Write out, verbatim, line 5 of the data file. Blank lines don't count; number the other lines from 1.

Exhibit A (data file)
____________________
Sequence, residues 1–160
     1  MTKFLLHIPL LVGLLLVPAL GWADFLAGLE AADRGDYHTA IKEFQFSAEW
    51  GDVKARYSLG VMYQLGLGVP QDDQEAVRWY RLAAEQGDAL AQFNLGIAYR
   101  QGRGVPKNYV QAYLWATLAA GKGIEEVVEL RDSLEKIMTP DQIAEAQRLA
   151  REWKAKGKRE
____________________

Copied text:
   151  REWKAKGKRE